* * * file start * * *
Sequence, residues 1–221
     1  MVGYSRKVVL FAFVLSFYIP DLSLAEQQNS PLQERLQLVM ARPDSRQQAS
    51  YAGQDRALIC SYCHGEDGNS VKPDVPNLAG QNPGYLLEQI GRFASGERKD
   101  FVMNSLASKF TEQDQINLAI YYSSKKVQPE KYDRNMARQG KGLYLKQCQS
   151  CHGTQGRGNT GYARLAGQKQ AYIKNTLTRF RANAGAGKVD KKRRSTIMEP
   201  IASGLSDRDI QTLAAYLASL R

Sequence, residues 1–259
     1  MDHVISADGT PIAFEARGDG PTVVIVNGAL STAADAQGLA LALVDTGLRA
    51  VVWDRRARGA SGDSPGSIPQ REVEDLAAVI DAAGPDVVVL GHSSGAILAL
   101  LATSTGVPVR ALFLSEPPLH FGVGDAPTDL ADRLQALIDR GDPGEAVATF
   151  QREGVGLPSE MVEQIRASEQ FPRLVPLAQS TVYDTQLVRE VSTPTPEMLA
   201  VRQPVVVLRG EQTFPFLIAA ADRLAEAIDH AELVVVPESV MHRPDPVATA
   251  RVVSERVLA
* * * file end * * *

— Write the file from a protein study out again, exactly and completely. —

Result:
Sequence, residues 1–221
     1  MVGYSRKVVL FAFVLSFYIP DLSLAEQQNS PLQERLQLVM ARPDSRQQAS
    51  YAGQDRALIC SYCHGEDGNS VKPDVPNLAG QNPGYLLEQI GRFASGERKD
   101  FVMNSLASKF TEQDQINLAI YYSSKKVQPE KYDRNMARQG KGLYLKQCQS
   151  CHGTQGRGNT GYARLAGQKQ AYIKNTLTRF RANAGAGKVD KKRRSTIMEP
   201  IASGLSDRDI QTLAAYLASL R

Sequence, residues 1–259
     1  MDHVISADGT PIAFEARGDG PTVVIVNGAL STAADAQGLA LALVDTGLRA
    51  VVWDRRARGA SGDSPGSIPQ REVEDLAAVI DAAGPDVVVL GHSSGAILAL
   101  LATSTGVPVR ALFLSEPPLH FGVGDAPTDL ADRLQALIDR GDPGEAVATF
   151  QREGVGLPSE MVEQIRASEQ FPRLVPLAQS TVYDTQLVRE VSTPTPEMLA
   201  VRQPVVVLRG EQTFPFLIAA ADRLAEAIDH AELVVVPESV MHRPDPVATA
   251  RVVSERVLA